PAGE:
Everything started some time in 1960, when we put together a small dixieland band and practiced in a cellar in the center of Bielefeld. Whe nearly had everything we needed (we thought), except a trombone, which we replaced with a tenor sax. It was not much more than a typical school band and we had no occasions to show our talents.
Then one evening a strange but friendly guy appeared. He owned a small motorcycle, and even better, he had a trombone, was a bit older than we were, and he claimed to know all those things we didn't know. His name was Hans-Joachim Hillenkötter, nicknamed "Tötter", he owned a small cottage in the outskirts of Bielefeld, remote enough so we didn't spoil any neighbours with our music. He indeed did know a lot about Dixieland music, and that way the "Bourbon Street Paraders" were founded. A few weeks later they made their first appearence at the Bielefeld Bunker Ulmenwall, where they would be regularly heard in the years to come..
Here you can see them at the Jazz Club Minden, already with Alwin at the drums.
First line of names was:
(I had long forgotten about Klaus Reinhardt, our banjo-man, not even his first name did stay in my memory. Only recently I was informed that Klaus has been the well-known and respected street musician "Onkel Willi" in the city of Münster for several decades. My thanks go to Sarah Lieneke of LWL.)
It was a great time for Dixieland music. Everybody wanted it. That way we were in business right away and without much thinking. We covered the smaller towns and all the little villages around our home town Bielefeld, where some larger room was available. Advertising was done by linoleum carving and hand printing onto the back of unused wallpaper. A few of them picked to trees outside the villages was usually sufficient.
In the summer of 1962 we all (except Eckhard) went for holidays to a small camp ground in the Netherlands. At that time the island Overflakkee could only be reached by ferry. Despite of going together, we had decided to leave our instruments at home, because somehow we were fed-up with music. A few days after arrival we found life without music even more boring. So we scratched our money together and sent someone home for the instruments. It was rewarding in any way, because all the people on the island loved us and invited us to play. It was just great. Here you see the band actually playing on a sandbank off the beach, where we had to wade to. I nearly lost the mouthpiece of my tuba, it was pure luck that I was able to pick it out of that muddy salt water.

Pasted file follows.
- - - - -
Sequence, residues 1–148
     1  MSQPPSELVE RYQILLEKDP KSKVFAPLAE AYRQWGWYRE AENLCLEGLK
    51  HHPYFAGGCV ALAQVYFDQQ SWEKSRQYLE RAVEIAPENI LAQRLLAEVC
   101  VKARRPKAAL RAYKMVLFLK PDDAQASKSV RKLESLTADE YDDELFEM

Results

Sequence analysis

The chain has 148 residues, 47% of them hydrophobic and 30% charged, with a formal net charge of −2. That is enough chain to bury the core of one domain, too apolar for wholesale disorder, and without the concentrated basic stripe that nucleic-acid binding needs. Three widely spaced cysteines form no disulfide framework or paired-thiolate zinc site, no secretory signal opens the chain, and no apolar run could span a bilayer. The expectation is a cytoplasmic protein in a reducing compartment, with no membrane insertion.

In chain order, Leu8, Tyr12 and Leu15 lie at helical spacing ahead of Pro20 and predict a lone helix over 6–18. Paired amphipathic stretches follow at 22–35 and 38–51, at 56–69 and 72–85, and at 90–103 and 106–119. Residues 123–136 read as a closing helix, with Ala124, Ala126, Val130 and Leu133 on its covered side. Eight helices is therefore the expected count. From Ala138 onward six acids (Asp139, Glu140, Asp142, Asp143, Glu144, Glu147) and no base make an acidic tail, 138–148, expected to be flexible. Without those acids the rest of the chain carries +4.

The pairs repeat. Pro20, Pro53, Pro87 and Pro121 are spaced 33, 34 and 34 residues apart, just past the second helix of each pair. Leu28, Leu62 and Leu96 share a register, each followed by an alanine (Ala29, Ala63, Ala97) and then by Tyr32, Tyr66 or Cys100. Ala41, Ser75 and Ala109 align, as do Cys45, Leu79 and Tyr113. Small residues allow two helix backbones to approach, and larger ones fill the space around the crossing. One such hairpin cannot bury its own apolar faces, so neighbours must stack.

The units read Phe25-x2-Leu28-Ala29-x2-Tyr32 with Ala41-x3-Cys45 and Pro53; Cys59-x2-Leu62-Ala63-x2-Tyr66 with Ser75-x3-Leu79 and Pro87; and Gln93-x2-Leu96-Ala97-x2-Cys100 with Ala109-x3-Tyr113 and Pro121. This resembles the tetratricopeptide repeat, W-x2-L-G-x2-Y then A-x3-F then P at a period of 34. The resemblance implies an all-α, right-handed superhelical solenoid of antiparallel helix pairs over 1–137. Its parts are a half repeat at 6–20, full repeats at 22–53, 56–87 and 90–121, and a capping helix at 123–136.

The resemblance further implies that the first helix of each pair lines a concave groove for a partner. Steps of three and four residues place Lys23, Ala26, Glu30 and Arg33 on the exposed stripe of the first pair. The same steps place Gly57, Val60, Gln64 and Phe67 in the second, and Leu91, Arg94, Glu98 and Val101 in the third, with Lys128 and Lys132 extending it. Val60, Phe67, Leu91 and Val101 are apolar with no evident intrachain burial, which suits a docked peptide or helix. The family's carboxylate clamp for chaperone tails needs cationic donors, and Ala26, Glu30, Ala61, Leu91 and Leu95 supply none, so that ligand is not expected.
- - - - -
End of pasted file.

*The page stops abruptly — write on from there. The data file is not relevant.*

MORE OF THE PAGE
As time went on so did people. Tastes changed and in about 1964 I put away the tuba and got back to the double bass.
It must have been around 1964 that a renowned musician from US toured Germany: Trumpeter Nelson "Cadillac" Williams, who had played in the Duke Ellington Big Band and various other groups. One evening we had a gig in one of the jazz clubs when Nelson appeared and we had to accompany him. Seems we did a good job as everybody was happy, including Nelson and his German agent Rettig.
Of course, I have asked him about his nickname "Cadillac", and he told me this story:
"Duke Ellington was a very successful bandleader and he drove an appropriate car: a car of the Cadillac brand. He, Nelson, was jealous of it and at the next opportunity got himself a vehicle of the same make, only a used one and of course much cheaper. He then parked it challengingly next to the boss's car. And from that moment on Duke Ellington called him Cadillac."
A few weeks later one evening I went for a beer to the jazz-club in Spenge, a small town north of Bielefeld. That evening Nelson and his agent were there. The club had promised to get a band together to accompany him. But something went wrong and there was no band. When I entered the room, it only took seconds until Nelson spotted me. Couldn't I ...? Sure, yes, but who carries his bass around every evening? But, there was a double bass, owned by the club and standing in the corner. A horrible and gruel instrument with at least 10 cm distance between strings and fingerboard. No way out, within minutes the Nelson Williams - Ernst Schröder duo was formed and the gig started. I must have delivered a decent job, as in the end everybody was happy. Except my fingers, but at least that evening I was on free beer.
The Bourbon Street Paraders were still going strong (without much parading) with a few changes. Here are a few foto impressions ending with a Carneval ball at the Bielefeld "Gesellschaftshaus". Jürgen Dohse appeared on clarinet, Hans Berkau on trumpet, and the rhythm section had changed to piano, guitar, bass and drums.
The year 1965 marked a number of changes. I went to university in Hannover and the rest of the gang went off in different directions. Some of them re-appeared with the quite successful German Rock band Creative Rock.